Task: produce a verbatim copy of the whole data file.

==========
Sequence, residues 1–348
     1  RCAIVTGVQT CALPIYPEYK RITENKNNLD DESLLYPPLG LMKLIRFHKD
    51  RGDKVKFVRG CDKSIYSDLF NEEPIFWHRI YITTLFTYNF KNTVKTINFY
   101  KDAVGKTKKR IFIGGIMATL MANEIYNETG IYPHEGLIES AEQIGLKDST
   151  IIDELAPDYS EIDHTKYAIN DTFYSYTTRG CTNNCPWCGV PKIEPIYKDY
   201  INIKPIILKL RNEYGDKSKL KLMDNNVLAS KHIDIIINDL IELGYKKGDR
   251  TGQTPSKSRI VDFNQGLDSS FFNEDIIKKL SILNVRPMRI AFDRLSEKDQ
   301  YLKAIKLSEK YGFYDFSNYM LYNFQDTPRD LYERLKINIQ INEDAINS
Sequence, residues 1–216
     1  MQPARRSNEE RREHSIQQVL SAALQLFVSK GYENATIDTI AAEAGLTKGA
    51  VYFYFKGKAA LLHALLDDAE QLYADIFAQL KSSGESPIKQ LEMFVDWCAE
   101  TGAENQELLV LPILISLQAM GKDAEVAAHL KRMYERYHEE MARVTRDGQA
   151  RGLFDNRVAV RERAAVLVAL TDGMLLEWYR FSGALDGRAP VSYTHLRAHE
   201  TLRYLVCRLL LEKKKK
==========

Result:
Sequence, residues 1–348
     1  RCAIVTGVQT CALPIYPEYK RITENKNNLD DESLLYPPLG LMKLIRFHKD
    51  RGDKVKFVRG CDKSIYSDLF NEEPIFWHRI YITTLFTYNF KNTVKTINFY
   101  KDAVGKTKKR IFIGGIMATL MANEIYNETG IYPHEGLIES AEQIGLKDST
   151  IIDELAPDYS EIDHTKYAIN DTFYSYTTRG CTNNCPWCGV PKIEPIYKDY
   201  INIKPIILKL RNEYGDKSKL KLMDNNVLAS KHIDIIINDL IELGYKKGDR
   251  TGQTPSKSRI VDFNQGLDSS FFNEDIIKKL SILNVRPMRI AFDRLSEKDQ
   301  YLKAIKLSEK YGFYDFSNYM LYNFQDTPRD LYERLKINIQ INEDAINS
Sequence, residues 1–216
     1  MQPARRSNEE RREHSIQQVL SAALQLFVSK GYENATIDTI AAEAGLTKGA
    51  VYFYFKGKAA LLHALLDDAE QLYADIFAQL KSSGESPIKQ LEMFVDWCAE
   101  TGAENQELLV LPILISLQAM GKDAEVAAHL KRMYERYHEE MARVTRDGQA
   151  RGLFDNRVAV RERAAVLVAL TDGMLLEWYR FSGALDGRAP VSYTHLRAHE
   201  TLRYLVCRLL LEKKKK